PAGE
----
“I’m sure it wouldn’t be the first time. Ever hear of Lizzy Bordon?”
“Lizzy who?” the prosecutor asked.
Bohdan thought hard and realized that the Lizzy Bordon murders were twenty years off. And in this alternate dimension, may never occur.
“She was a woman who murdered her mother and father.”
“Where did this occur?”
“Back east somewhere, I don’t remember where exactly.”
“Seems your memory is lacking all around,” the prosecutor said. “And I think you’re making up stories to sway the judge. This girl is innocent, she didn’t kill anyone.”
“Do I get to examine her, like you are doing to me?”
“Yes, you get to ask the witnesses questions. That is your right. But it won’t do you any good. She had no reason to kill her family.”
“And I did? What reason do you propose I had to kill?”
“You’re an admitted vampire, what do vampires do?”
“I’m not the only vampire around here, when I came into town, there were three vampires being burned at the stake. Anyone of them could have killed her family.”
“But you’re the one she saw do it!”
“She’s wrong! She made a mistake!”
“I call Anne Rockwell to the stand,” the prosecutor said. There was no actual stand, just a patch of dirt between Bohdan and the judge.
Anne stepped up and took her place on the designated spot. The bailiff swore her in and she awaited questioning from the prosecution.
“State your name for the record,” the prosecutor said.
“Anne Maria Rockwell,” Anne replied.
“How old are you Anne?”
“Twelve years old.”
“Tell the court what you saw the night of September tenth.”
“I saw that man come into my cabin and kill my sister.”
“Did you actually see him kill her?”
Anne hesitated for a moment, she knew she didn’t see Bohdan do anything since she ran out of the cabin before she died, but she wasn’t going to let Bohdan off the hook that easy. “Yes, I saw him do it.”
“How did he do it?”
“He put his hands around her throat and cut off her air,” Anne replied.
“Did you see her after she was dead?”
“Yes, she fell to the floor and wasn’t breathing.”
“Then what happened?”
“That bastard took a knife and cut her open.”
“You watched him cut her?”
“Yes, I was too scared to run.”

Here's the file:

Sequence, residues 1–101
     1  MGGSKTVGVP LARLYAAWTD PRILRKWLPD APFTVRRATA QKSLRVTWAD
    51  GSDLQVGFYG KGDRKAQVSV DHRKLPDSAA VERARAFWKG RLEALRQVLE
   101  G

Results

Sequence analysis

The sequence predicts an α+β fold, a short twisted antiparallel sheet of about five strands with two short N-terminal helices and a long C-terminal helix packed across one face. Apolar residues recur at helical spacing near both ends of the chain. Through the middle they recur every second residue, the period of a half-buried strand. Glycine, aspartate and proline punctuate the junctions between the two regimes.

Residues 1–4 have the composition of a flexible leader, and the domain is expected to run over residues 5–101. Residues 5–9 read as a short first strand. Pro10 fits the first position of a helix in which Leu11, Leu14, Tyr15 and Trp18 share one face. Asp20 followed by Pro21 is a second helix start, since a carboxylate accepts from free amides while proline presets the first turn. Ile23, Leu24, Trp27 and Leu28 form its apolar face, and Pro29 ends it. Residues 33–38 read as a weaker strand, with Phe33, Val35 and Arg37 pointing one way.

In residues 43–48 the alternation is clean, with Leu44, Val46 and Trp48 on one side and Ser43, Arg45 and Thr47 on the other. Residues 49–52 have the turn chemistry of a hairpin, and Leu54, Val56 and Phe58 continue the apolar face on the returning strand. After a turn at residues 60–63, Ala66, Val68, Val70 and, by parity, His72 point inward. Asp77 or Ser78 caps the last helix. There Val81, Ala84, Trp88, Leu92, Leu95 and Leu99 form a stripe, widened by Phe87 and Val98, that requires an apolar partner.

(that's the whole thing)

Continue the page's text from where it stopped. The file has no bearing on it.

“At what point did you leave?”
“When my mother came in to help. She told me to run and I did.”
“Did you see the defendant kill your mother as well?”
“No, but I know he did. Who else would have?”
Bohdan spoke up, “I object! She admitted she didn’t see me kill her mother. That alone should be enough to toss this case out!”
The judge slid his fingers over his chin as he thought to himself. “Sustained, but the case is still on. She said she saw you kill her sister.”
Bohdan knew Anne had left the room when he killed Clarissa, but if he admitted that, it would have been the same as admitting he killed her in the first place.
The prosecutor added, “What about your father, did you see him kill your father as well?”
“No, my father was outside. I haven’t seen him since.”
“Where did you go after he killed your sister?”
“I ran to the woods and hid. I stayed there for a while and came back to see if anyone was alive. When I saw everyone was dead, I left and came back to Seneca and found the sheriff.”
“Was Mr. Malko still present at your ranch?”
“I saw him, and his friends tossing bodies into a pile,” Anne replied.
“Was your sister one of the bodies?”
“I don’t know, maybe.”
“Your witness,” the prosecutor said to Bohdan.
Bohdan stepped as far from the depot roof post as he could without pulling the chain taut. He tried to step into some shade but had no luck. He could barely see Anne in the glare of the sun. “Can I get some shade, the sun burns like hell.”
The judge shook his head and said, “Proceed with your questions.”
Frustrated, Bohdan asked, “Why are you lying to the judge?”
“I’m not lying,” Anne replied. “I saw you, you know I was there. You were planning raping us both.”
“I’ve never met you before in my life, are you suffering from a sickness? Are you possessed by a witch?”
“A witch? Are you crazy?”
“No, young girls like yourself are often possessed by witches. Many of you are witches. Did your mother find out you were a witch and that’s why you had to dispatch of her? Where you having an affair with your father? Did she murder him?”
“You are sick, and insane. I would never let my father do that.”
“He didn’t have to, you were after his seed. It was all your plan. You are the witch.”
The prosecutor said, “I object, this isn’t a line of questioning, it’s one lie after another trying to distract this girl from the facts.”
“Overruled, the witness may answer,” the judge said.
Anne looked in horror at the judge. She didn’t want to answer knowing all too well that her father had indeed had relations with her since she was ten. And she was a willing participant.
“Please answer the question,” the judge said. “Did you have an affair with your father?”
“Yes,” Anne replied. “But I’m no witch, I promise you that.”